The Maine Clean Elections Act that comes up for a vote Nov. 3 is presented by supporters as a defense against big money, outside money and “dark” money influencing the outcome of legislative and gubernatorial elections.
But it comes with a hefty price tag for Maine taxpayers.
The Act, Question 1 on the November ballot, provides a wide range of public financing for candidates. Someone running unopposed in a primary for the Maine House of Representatives would be eligible for $500. One unopposed in the State Senate primary could qualify for $2,000. On the gubernatorial level, we’re starting to talk real money, even at the primary level: up to $200,000 for an unopposed candidate for governor. That same candidate, if opposed in the party’s June Primary Election, might be eligible for $400,000 initially, and ultimately, $1 million.
If only it stopped there.
When the primaries are behind us and the field has been narrowed, the general election comes around. That uncontested candidate for State Senate eventually could qualify for $60,000. And he or she who would be governor could be in line for $2 million if opposed by one or more other candidates.
The math is daunting. Should both the Democratic and Republican candidates for governor in 2017 elect public financing, taxpayer support for those campaigns could reach $4 million. Add in five contested Senate races and 50 House contests and the bottom line is $5.65 million.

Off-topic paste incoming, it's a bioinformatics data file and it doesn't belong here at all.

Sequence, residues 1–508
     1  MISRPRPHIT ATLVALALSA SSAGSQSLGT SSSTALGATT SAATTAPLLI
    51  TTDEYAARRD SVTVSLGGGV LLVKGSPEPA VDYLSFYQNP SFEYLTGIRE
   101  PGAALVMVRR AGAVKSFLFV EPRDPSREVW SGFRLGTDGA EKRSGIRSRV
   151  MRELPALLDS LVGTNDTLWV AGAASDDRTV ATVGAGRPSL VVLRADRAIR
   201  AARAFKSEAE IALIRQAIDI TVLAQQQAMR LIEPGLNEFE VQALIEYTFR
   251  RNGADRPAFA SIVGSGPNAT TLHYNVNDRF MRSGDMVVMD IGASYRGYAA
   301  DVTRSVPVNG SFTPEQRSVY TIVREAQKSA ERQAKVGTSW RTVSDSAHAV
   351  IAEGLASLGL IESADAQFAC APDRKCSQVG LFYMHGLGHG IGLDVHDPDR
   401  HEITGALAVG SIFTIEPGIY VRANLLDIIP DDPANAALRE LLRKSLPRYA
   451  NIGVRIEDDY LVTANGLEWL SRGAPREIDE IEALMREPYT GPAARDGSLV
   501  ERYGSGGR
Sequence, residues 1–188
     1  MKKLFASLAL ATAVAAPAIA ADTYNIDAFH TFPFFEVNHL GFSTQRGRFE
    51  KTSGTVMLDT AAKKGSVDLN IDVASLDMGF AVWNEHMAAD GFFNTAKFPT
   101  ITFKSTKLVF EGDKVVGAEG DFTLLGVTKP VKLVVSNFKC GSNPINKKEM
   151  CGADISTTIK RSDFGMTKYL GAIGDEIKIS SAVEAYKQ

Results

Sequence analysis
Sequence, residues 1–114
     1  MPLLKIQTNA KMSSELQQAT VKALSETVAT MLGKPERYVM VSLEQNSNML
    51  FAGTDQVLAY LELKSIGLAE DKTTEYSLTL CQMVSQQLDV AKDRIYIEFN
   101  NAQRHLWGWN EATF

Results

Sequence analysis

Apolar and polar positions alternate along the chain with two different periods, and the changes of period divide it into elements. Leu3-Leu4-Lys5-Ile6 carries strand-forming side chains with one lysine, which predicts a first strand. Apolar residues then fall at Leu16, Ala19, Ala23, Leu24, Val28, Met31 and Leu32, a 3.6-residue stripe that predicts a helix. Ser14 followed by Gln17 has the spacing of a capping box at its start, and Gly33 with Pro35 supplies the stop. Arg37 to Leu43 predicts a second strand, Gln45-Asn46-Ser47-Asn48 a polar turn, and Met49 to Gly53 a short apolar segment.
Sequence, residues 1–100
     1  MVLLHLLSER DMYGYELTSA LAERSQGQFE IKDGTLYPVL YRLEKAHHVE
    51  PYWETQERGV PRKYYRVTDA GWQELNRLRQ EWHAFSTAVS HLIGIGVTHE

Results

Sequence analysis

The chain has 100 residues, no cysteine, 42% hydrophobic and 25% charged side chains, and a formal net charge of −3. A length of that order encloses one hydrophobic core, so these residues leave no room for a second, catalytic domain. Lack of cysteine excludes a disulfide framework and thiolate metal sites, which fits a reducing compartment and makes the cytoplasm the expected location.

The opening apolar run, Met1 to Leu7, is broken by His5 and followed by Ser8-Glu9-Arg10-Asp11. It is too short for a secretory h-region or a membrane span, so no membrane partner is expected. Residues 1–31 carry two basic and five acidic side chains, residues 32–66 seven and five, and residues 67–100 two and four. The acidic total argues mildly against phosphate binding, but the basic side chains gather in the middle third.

The act has other provisions. One would identify outside groups that fund political ads. Another provides transparency when incoming governors raise unlimited contributions from lobbyists and special interest groups to pay for inaugural parties and transition expenses.
There’s no question that big-money donors aim to buy influence that furthers their ends but not those of the average citizen. But we are not convinced that The Clean Election Act will stop the flow. PACs and a clever tax dodge known as the 501(c)4 help special interests shepherd their shekels to eager candidates.
And all the while, the Maine taxpayers’ contribution to legislative and gubernatorial candidates will grow. The question voters must settle for themselves is one of priorities. Is public funding of political campaigns more important than state support for education, road maintenance, hospitals and elder care? There’s only so much money in the pot.